Administering The Death Penalty: The Case Of Cameron Todd Willingham

by Pejman Yousefzadeh on September 8, 2009

Read David Grann’s article on Cameron Todd Willingham. It is long, but it is certainly worth reading in full.

Then ask yourself the following question: Is it possible that Texas may have sent an innocent man to death?

If you so much as hesitate before answering, then consider that whatever your disposition on the issue of the death penalty, the administration of the penalty may–to say the least–leave a lot to be desired. It is, of course, entirely possible that Grann may have written his story in a one-sided manner, that he left out key facts solidifying Willingham’s guilt, and that Willingham was indeed guilty of arson and murder. But if he didn’t, and the case against Willingham was as full of holes as Grann’s story suggests it was, then we are confronted with a veritable crisis in our justice system.

I know that it is easy for death penalty supporters to dismiss Grann’s article, and to believe that the state of Texas got its man. There is a lot invested in that belief; no supporter of the death penalty–and I count myself as one who believes that there are certain crimes for which execution is an appropriate response–wants to think that any innocent person has been sent to his/her death. But the fact of the matter is that DNA evidence has exonerated a number of people who were on death row. While that is reassuring, the fact that innocent people were sentenced to die is scary to contemplate. Just as scary is the fact that there are plenty of crimes for which DNA evidence cannot be used to establish guilt or innocence, leading to situations in which the prosecution and the defense may be operating blind. In such situations, the defense may not be able to resort to scientific evidence to be able to establish the innocence of the accused, a handicap which–along with the presence of overworked and underqualified legal representation that may not care in the slightest about the fate of the defendant–may lead to findings of guilt even though the defendant is innocent of the crime charged.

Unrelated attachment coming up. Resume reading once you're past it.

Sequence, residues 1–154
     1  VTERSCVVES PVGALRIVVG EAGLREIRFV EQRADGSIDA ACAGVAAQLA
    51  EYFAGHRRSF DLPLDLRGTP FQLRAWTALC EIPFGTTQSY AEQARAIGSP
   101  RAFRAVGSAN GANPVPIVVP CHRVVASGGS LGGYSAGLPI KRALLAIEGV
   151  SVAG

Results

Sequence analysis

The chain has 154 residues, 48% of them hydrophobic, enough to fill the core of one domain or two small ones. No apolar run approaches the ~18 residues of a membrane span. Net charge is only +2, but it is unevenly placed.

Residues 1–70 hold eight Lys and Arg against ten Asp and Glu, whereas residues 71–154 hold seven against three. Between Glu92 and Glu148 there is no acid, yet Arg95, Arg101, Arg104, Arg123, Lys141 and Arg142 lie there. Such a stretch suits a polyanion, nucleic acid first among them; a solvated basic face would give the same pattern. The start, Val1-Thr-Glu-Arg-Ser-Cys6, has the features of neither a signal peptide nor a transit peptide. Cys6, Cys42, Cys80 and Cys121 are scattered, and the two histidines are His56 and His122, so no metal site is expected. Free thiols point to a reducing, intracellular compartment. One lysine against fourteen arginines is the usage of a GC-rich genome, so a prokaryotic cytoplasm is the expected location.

Those who believe the death penalty is an effective deterrent against crimes, or is an appropriate response to the commission of certain heinous crimes should not shy away from reading about Cameron Todd Willingham, or his eventual fate. Rather, they should be the first to read his story, and to wonder whether or not Texas caused an innocent man to be executed. Death penalty supporters should be the first to demand–loudly–that the system contain a whole host of failsafe devices designed to ensure that the right person is convicted for the crimes he/she is accused of committing.

Of course, the prime reason for such vigilance from death penalty supporters would be to make certain to the greatest degree possible that no innocent person ends up on death row. But death penalty supporters should also be vigilant in order to reform the system and make it work right, instead of letting death penalty opponents use the lack of reform as an excuse to abolish the penalty altogether.

  • http://twitter.com/stopexecutions TxMoratoriumNetwork

    Sign a petition to Governor Rick Perry and the State of Texas to acknowledge that the fire in the Cameron Todd Willingham case was not arson, therefore no crime was committed and on February 17, 2004, Texas executed an innocent man.

  • dmt1972

    After reading the article, I am convinced that at least one innocent person has been put to death. Those in the position to stop it, took that responsibility lightly and assumed that if someone where innocent someone else would have identified it. The long drawn out appeals are nothing more than a formality. This article completely changed my mind on this issue.

  • dmt1972

    After reading the article, I am convinced that at least one innocent person has been put to death. Those in the position to stop it, took that responsibility lightly and assumed that if someone where innocent someone else would have identified it. The long drawn out appeals are nothing more than a formality. This article completely changed my mind on this issue.

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